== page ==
Economies of Misery

Pierre Bourdieu in Algeria
May 28th to July 8th, 2005

An exhibition of photographs by Pierre Bourdieu

In cooperation with Camera Austria Graz (Christine Frisinghelli), University of Geneva, Département de Sociologie (Franz Schultheis) and Fondation Pierre Bourdieu, Geneva

The work of the sociologist, ethnologist and philosopher Pierre Bourdieu (1930-2002) includes important studies on photography. The inquiry into the social uses of photography, which he conducted in collaboration with Luc Boltanski and Robert Castel, among others, and which was published under the title „Un art moyen, essai sur les usages sociaux de la photographie&ldquo (Paris 1965), was recognised far beyond the social-scientific field. Before this study, in the years 1958 - 1961 in Algeria, Bourdieu used a camera himself in his field studies, at the time of the Algerian struggle (1954-1962) for independence from the French colonial power. The Algerian war had a decisive influence on many renowned French intellectuals of the second half of the twentieth century, Bourdieu included.

Partly in sharp distance to the influential writings of Frantz Fanon and Jean-Paul Sartre, Bourdieu was particularly concerned with the consequences of „modernization“ and „deculturation “ in Algeria but also with the effects of the war for which France had mobilised no less than two million soldiers in order to keep their last Mahgrebian territory. He analysed intentions and effects of the forced resettlement of at least one quarter of the Algerian population by France for military reasons. This investigation, which was published in the volume „Le Deracinement“ (the uprooting) in 1964, was conducted together with Abdelmalek Sayad. This Algerian sociologist - who is also known for his studies on the Maghrebian diaspora - enriched Bourdieu’s approach with the perspective of an „inverse“ ethnology and sociology.

The studies in Algeria are part of Bourdieu’s earliest sociological work but, as he stated in reference to „La Misère du Monde“ (Paris 1993), he considers them to be also his most current one. During the time in Algeria Bourdieu built up archives of photographs that encompassed about 2000 images. In his last years, he entrusted Franz Schultheis, the Fondation Pierre Bourdieu (Geneva), and the international journal of photography Camera Austria (Christine Frisinghelli) with the remaining part of this archive, comprising about 650 negatives and 140 prints, with the aim to make them public in exhibitions and publications.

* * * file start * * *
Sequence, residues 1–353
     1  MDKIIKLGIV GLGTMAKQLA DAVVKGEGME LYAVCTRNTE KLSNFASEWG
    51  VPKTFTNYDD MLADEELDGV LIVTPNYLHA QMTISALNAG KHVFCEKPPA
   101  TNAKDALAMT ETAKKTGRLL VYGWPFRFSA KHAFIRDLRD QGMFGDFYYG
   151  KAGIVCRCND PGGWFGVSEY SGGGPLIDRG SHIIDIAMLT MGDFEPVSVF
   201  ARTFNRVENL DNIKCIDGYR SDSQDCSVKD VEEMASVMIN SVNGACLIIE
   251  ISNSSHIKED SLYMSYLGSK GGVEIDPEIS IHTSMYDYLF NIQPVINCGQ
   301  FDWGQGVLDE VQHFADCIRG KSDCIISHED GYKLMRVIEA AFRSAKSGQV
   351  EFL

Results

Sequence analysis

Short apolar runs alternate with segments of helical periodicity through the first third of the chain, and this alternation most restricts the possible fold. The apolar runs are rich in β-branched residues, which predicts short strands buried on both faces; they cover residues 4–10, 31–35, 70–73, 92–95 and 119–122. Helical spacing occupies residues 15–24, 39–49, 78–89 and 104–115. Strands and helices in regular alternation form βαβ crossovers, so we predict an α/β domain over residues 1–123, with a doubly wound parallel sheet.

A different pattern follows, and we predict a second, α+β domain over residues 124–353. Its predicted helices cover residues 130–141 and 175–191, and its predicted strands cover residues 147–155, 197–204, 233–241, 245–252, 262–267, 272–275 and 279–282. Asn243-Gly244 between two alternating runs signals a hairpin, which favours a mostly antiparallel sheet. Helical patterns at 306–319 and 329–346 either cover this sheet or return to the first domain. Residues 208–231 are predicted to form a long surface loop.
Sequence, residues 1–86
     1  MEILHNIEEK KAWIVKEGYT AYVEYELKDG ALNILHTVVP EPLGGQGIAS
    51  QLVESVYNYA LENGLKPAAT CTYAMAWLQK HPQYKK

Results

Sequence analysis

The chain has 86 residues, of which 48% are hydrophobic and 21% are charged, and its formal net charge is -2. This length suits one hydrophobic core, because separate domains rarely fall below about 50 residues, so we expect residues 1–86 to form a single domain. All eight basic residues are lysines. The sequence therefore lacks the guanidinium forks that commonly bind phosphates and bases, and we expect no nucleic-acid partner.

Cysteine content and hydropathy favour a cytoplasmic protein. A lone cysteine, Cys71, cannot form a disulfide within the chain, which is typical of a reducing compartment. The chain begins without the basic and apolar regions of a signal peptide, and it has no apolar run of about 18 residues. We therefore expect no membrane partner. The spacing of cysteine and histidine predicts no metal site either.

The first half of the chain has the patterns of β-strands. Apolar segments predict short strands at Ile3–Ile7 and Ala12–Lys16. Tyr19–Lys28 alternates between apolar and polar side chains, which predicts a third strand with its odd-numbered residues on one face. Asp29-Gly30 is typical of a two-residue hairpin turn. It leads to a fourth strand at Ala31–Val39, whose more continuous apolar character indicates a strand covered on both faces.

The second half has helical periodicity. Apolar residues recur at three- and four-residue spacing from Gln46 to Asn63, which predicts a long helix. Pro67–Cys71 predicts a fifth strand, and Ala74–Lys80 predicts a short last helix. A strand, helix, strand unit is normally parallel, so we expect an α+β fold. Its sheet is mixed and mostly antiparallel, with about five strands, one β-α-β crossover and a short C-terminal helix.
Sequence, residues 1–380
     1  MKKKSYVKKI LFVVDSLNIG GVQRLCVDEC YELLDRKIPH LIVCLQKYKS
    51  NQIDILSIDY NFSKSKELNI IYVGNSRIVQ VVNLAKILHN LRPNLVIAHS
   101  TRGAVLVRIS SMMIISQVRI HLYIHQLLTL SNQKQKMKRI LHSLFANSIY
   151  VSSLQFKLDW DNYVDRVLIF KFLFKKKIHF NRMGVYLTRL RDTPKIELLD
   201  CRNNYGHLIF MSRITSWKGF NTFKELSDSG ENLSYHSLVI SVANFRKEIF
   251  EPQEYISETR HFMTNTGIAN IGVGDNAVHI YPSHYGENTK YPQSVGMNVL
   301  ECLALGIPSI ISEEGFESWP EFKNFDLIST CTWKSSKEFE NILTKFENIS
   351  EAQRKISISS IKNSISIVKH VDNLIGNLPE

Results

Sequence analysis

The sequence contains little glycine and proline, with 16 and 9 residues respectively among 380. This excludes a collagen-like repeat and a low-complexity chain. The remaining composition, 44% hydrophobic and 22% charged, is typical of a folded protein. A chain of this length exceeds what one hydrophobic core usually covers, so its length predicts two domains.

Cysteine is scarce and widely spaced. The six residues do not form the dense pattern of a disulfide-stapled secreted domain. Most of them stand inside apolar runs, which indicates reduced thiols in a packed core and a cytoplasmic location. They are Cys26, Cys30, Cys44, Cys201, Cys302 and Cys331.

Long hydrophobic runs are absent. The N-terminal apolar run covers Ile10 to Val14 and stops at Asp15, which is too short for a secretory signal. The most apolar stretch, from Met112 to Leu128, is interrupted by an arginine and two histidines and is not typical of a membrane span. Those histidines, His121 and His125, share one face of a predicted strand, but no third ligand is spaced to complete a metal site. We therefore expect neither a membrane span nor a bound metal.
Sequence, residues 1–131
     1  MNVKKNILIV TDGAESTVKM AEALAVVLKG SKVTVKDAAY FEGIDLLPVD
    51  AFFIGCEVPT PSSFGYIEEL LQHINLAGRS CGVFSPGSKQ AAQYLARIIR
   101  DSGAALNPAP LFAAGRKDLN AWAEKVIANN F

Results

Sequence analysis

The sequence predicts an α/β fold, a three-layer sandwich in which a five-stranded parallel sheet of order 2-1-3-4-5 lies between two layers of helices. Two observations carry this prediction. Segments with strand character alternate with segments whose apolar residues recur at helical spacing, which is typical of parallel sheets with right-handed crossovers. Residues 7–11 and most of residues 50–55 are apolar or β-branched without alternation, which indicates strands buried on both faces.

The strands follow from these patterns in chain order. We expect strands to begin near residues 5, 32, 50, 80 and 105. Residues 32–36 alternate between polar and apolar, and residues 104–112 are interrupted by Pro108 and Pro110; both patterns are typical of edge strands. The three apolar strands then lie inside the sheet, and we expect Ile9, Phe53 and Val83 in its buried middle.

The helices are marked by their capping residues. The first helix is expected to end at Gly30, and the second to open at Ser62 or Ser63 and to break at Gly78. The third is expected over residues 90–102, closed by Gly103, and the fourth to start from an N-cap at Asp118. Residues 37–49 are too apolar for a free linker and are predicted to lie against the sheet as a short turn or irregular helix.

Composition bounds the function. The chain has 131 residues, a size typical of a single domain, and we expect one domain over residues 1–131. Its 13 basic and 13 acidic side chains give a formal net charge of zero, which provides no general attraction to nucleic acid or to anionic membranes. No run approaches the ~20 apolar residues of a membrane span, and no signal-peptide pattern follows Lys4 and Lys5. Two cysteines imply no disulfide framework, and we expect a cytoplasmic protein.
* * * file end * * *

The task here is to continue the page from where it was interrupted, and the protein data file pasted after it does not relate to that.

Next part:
With the exhibition and the accompanying book with the same title „Pierre Bourdieu. Images d’Algerie. Une affinité elective“ (Actes sud / Camera Austria / Fondation Liber, Graz 2003, ISBN 2-7427-4136-4), parts of this archive have been exhibited in Paris and Graz in 2003 and afterwards in Tokyo, Seoul, London, Umea, Geneva, Freiburg, and Munich among others. By now 44 selected photographs will be shown in the Kunstraum of the University of Lueneburg. In close cooperation with Christine Frisinghelli and Franz Schultheis the exhibition in Lueneburg is especially focused on those „economies of misery“ that were the effect of modernization, forced innovation, deculturation, colonialism, and war. They emerged with the migration of „depeasant peasants“ (Bourdieu) into the Algerian centres, where the migrants formed a sub- and semi-proletariat of unemployed and small merchants. In view of their conditions of existence, a „regressive traditionalism of hopelessness“ spread among them. Besides migration, however, these economies were also due to the forceful resettlement of the Algerian population into several thousands of camps („Centres de regroupement“) which were constructed with the intention to break resistance and to isolate guerrilla fighters. Bourdieu and Sayad regarded this displacement as „one of the most brutal known in history“; and as a „pathological response to the fatal crisis of the colonial system“ (cf. Le Deracinement. Paris 1964, pp. 13, 27).

In his analyses, Bourdieu arrived at very different conclusions to those of Frantz Fanon in his „Les Damnés de la Terre“ (1961, transl. The Wretched of the Earth) and of Jean-Paul Sartre Sartre wrote a famous preface to Fanon’s study, which is to be regarded as one of the main works of Third World studies as well as of post-colonial studies. Bourdieu tried to translate the nearly metaphysical question, seemingly urgent in view of the Soviet and Chinese experiences, whether the proletariat, the sub-proletariat or the peasants would constitute the revolutionary class in the Third World into social-scientific terms. In contrast to Fanon and Sartre, he neither saw the uprooted peasants, nor the newly emerged, precarised urban sub-proletariat as a force being able to support the revolution in Algeria decisively. The political development after the struggle for independence, which demanded about a million of victims on the side of the Algerians, later confirmed his assessment.

Through his Algerian studies, Bourdieu furthermore aimed at understanding the logic of the transition from a pre-capitalist economy to a capitalist one, that is to say, the way „tradition“ was replaced by „modernity“, as expressed in the sociological „theory of modernization“ emerging in the frame of the development discourse of the 1950s. Relying on the theoretical framework of Durkheim, Bourdieu interpreted the imposed modernization as a „pathological acceleration of cultural chang“”. The exhibition also draws attention to the forced modernization imposed on Algeria by the introduction of an industrialized agriculture, which in Bourdieu’s archive manifests itself in the form of images, showing man-machine hybrids at work in the valley of Mitidja.

Translation from German: Larissa Buchholz, SUNY at Stony Brook, N. Y. and Andrea Hoeft, University of Lueneburg.

Supported by the Sparkasse-Kulturfonds